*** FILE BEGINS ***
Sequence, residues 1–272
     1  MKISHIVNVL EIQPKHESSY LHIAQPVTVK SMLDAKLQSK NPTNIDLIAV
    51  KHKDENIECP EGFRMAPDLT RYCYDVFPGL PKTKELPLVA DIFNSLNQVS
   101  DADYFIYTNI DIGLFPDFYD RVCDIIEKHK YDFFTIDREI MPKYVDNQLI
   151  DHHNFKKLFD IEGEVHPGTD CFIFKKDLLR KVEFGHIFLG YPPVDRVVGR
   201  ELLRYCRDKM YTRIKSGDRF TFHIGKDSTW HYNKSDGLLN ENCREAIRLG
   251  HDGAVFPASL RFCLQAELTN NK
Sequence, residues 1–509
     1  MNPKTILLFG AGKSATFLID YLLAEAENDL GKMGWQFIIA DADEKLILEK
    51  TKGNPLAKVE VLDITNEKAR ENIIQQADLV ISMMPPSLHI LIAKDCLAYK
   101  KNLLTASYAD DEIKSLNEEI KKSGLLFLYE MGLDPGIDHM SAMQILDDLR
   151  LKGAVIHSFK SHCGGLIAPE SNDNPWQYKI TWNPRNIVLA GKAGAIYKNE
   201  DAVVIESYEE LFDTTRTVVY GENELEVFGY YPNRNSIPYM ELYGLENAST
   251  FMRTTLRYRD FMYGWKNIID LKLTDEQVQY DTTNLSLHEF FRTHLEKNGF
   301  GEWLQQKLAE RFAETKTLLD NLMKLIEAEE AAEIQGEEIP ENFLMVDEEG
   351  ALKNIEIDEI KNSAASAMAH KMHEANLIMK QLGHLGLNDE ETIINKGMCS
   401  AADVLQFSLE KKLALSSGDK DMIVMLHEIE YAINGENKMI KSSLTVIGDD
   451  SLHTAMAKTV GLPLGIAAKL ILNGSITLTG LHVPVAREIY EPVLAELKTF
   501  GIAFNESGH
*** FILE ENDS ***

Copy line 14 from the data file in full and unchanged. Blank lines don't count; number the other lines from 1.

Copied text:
   251  FMRTTLRYRD FMYGWKNIID LKLTDEQVQY DTTNLSLHEF FRTHLEKNGF